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Building Energy Efficient Homes with ICFS

Brought to you by Nudura

Homes built to last a lifetime

Building with energy efficiency in mind is an industry trend that is here to stay. Between rising energy requirements and utility costs, homeowners need practical ways to save money and increase the lifespan of their homes. One strategy that continues to gain momentum is building with Insulated Concrete Forms (ICFs), energy efficient blocks made of expanded polystyrene insulation (EPS) foam that stack like Legos to shape of the walls of a building.

Why 'Wood' You?

If you ever feel like you’re always cranking up the heat or air conditioning in your house, insulation gaps in your wood-framed structure may be to blame. Thermal bridging is a major source of energy loss in your home, which means that if you crank up the heat to stay warm, your energy bill will be higher. A home energy audit will usually be able to tell you if that’s the real issue.

For many years, wood has been the most popular option for homebuilding. ICFs, however, are growing as a preferred choice due to their supreme efficiency level and sustainability. According to recent research, ICFs provide up to a 58 percent energy savings when compared to wood frame construction.

If you’re still comparing ICFs to wood, you might want to look at R-value, the capacity of an insulating material to resist heat flow. Essentially, the higher the R-value, the greater the insulating power. ICF structures typically have a much higher R-value than wood-framed homes, which can vary (if framed with 2 x 4 lumber, the R-value ranges from R-13 to R-15, while 2 x 6 framed homes have R-values of R-19 to R-21). Meanwhile, ICF homes can create a R-value of R-20 to R-28 for the lifetime of the home – much better!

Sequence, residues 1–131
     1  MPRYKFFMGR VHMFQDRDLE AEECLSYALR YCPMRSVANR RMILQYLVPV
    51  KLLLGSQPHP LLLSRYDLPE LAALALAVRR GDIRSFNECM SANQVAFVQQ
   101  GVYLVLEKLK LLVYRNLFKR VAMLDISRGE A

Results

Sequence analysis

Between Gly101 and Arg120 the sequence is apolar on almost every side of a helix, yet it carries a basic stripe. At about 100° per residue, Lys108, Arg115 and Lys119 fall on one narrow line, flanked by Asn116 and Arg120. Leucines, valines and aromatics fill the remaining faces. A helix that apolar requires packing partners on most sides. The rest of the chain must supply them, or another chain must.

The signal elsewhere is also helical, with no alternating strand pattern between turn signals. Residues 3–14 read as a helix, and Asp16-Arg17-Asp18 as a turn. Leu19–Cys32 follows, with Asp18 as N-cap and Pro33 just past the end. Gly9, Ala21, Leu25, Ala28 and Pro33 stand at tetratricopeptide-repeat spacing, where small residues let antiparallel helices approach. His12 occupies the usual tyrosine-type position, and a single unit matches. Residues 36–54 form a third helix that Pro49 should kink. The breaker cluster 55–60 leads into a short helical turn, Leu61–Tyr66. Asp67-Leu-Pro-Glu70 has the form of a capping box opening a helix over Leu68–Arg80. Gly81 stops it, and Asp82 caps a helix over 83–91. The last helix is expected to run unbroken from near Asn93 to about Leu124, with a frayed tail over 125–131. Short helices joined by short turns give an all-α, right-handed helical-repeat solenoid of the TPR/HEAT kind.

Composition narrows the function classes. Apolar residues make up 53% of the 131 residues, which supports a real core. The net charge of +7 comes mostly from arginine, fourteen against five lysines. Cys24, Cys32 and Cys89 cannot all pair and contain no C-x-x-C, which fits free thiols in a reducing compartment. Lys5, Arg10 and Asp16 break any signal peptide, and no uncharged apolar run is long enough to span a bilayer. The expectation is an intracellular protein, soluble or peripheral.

Staggering efficiency supported by research

A recent side-by-side test proved that ICFs can be almost seven times more effective at maintaining indoor air temperature than wood under extreme cold conditions. The test, which set the exterior at -31 degrees and interior at 70 degrees, was designed to determine how long it would take for the outside wall and inside wall to become the same temperature. The wood-frame structure reached the same temperature inside and outside within just 48 hours, while the ICF building did not reach this ‘steady state’ for 324 hours.

Most of us don’t live in an environment that reaches -31 degrees, but we all know that changing temperatures from season to season, and day to night can affect our level of comfort in a home.

Easily achieve LEED

If you want to certify your home as energy efficient, there are different ways to do so, like seeking a better HERS (Home Energy Rating System) score or a higher rating with LEED. When combined with other energy efficient methods, ICFs can significantly contribute to a higher LEED rating.

Building a home is a large investment, so choosing products that are highly efficient and durable is crucial. ICFs offer a new standard in efficiency and resiliency to ensure every home is built to last a lifetime.

For more information about building with NUDURA Insulated Concrete Forms, visit www.nudura.com.